Q. Can you tell us anything of the past that you deplore?
A. I am quite ready to make my confession! I was once, in a former life, so indifferent to suffering that I was perfectly capable of watching my mother suffer without feeling any pity for her; I treated her sufferings as only imaginary. As she was not obliged to keep her bed, I fancied that she did not really suffer, and I laughed at her misery. You see how Providence enacts correction!
(SIX MONTHS AFTER HER DEATH)
Q. Now that a tolerably long time has elapsed since you quitted your terrestrial envelope, be kind enough to depict to us your situation and your occupations in the spirit-world.
A. During my terrestrial life, I was what was considered, in a general way, a good woman; but I
prized my own comfort above everything else. Although I was naturally compassionate, I am sure that I should have been capable of making any painful sacrifice to relieve another’s misfortune. At present, all that is changed; I am still myself, but the person I was in former days has undergone modifications. I have still made some gains; I see that there are no other differences of rank and condition, in the spirit-world, than those of personal merit, where the charitable, though poor, are above the haughty rich who humiliated them in giving them alms. I watch especially over those who are afflicted with family-troubles, the loss of relatives, or of fortune; my mission is to console and to encourage them, and I am happy to be doing so.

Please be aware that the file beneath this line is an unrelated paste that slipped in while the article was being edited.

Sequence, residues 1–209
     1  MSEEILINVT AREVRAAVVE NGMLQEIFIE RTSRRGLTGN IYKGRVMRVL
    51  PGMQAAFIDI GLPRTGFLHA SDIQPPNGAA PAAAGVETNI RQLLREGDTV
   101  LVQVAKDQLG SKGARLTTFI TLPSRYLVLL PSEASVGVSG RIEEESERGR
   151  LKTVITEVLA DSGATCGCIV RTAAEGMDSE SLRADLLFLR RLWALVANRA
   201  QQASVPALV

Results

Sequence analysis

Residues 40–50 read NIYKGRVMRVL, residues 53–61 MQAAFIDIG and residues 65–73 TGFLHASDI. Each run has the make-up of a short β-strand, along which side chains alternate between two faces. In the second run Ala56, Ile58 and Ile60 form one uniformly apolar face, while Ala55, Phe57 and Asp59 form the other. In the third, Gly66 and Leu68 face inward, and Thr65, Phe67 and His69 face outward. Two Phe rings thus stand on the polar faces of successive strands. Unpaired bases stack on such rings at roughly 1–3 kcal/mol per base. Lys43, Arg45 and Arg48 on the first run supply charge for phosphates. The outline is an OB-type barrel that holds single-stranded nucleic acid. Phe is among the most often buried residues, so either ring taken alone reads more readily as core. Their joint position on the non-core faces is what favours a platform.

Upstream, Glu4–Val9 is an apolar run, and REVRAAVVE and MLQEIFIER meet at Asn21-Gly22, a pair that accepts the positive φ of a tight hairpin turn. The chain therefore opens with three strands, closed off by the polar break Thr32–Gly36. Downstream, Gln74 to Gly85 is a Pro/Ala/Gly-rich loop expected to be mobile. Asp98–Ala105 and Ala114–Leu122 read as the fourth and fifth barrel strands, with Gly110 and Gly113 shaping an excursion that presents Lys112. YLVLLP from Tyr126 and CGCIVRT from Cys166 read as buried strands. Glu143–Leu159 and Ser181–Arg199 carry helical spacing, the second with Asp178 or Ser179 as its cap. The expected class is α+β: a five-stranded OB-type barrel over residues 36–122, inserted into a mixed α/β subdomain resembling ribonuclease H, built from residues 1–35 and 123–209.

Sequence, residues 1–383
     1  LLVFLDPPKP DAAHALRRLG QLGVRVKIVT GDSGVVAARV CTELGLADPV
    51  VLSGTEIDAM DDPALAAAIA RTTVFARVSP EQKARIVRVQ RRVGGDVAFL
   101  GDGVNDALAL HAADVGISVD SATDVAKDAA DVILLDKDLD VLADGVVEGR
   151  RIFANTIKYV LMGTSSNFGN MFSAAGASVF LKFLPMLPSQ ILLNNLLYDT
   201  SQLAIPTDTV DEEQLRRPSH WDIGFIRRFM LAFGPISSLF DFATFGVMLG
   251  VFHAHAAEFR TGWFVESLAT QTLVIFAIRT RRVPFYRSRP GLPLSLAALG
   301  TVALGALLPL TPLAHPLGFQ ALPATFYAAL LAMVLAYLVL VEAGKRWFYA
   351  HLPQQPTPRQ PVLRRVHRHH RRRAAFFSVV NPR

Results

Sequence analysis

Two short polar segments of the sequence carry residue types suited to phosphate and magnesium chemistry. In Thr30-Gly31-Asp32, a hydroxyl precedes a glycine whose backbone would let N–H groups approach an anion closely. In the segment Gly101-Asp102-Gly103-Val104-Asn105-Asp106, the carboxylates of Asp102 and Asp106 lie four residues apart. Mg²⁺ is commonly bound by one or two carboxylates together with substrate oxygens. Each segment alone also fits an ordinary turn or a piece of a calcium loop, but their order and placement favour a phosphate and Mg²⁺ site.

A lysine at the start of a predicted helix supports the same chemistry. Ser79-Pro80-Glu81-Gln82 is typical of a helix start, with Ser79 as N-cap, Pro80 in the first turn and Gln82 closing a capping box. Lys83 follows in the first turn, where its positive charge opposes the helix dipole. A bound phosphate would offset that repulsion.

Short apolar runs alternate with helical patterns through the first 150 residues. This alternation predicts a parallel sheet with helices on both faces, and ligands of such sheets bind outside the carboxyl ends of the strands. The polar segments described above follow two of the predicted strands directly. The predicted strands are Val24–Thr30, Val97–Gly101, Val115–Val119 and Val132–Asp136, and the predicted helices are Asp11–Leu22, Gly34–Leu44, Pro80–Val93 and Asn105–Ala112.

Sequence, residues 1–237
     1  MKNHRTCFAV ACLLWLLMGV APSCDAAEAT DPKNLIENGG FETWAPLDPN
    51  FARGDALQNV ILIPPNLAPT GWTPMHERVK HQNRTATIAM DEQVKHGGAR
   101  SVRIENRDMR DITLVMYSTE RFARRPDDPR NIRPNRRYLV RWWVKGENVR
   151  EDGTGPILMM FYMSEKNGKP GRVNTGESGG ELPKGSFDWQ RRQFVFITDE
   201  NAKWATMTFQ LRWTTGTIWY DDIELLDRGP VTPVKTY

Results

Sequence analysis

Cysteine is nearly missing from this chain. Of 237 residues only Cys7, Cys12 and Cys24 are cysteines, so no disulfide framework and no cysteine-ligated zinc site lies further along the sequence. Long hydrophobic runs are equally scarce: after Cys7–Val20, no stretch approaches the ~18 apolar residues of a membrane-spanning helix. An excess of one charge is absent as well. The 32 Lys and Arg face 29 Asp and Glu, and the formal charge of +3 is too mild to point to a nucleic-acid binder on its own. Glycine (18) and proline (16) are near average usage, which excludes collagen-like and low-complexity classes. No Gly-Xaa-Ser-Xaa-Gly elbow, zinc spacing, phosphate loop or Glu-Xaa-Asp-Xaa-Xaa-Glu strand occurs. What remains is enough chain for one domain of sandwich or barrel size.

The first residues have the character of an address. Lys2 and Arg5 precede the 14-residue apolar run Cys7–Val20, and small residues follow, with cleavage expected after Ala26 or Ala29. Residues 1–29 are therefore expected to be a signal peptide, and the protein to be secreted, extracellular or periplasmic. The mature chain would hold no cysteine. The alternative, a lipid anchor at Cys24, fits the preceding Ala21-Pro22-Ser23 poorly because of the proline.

An important question is suggested by the foregoing facts: can a human being, by an effort of the will, delay the definitive separation of the soul and the body?
Reply of the spirit of Saint Louis:
This question, if replied to in the affirmative and without restriction, might give rise to erroneous suppositions. An incarnated spirit may, under certain circumstances, prolong its corporeal existence in order to finish the giving of some directions which it considers to be absolutely necessary; such a one may be allowed to do so, as in the case referred to, and in many others. But this prolongation could only be, in any case, of short duration, for no one can be allowed to invert the order of nature, or to effect a real return to the earthly life, when the latter has reached its appointed term. Moreover, you must not infer, from the possibility of such an action, that it could be general, or that every individual spirit would be able to prolong its own corporeal existence in this way. As a trial for the spirit, or in the interest of a mission to be accomplished, the worn-out organs may receive a supplement of vital fluid that allows of their adding a few instants to the corporeal manifestation of thought; but such cases are the exceptions and not the rule. You must regard such a momentary prolongation of life not as a derogation from the unchangeableness of the laws of God, but as a consequence of the freedom of the human soul, which, at the last moment, is conscious of the mission that has been imposed upon it, and fervently desires, in defiance of death, to accomplish what it has not been able to finish. It may also be, in some cases, a correction imposed on a spirit who doubts the fact of a future life; such a prolonging of vitality bringing with it a prolongation of suffering.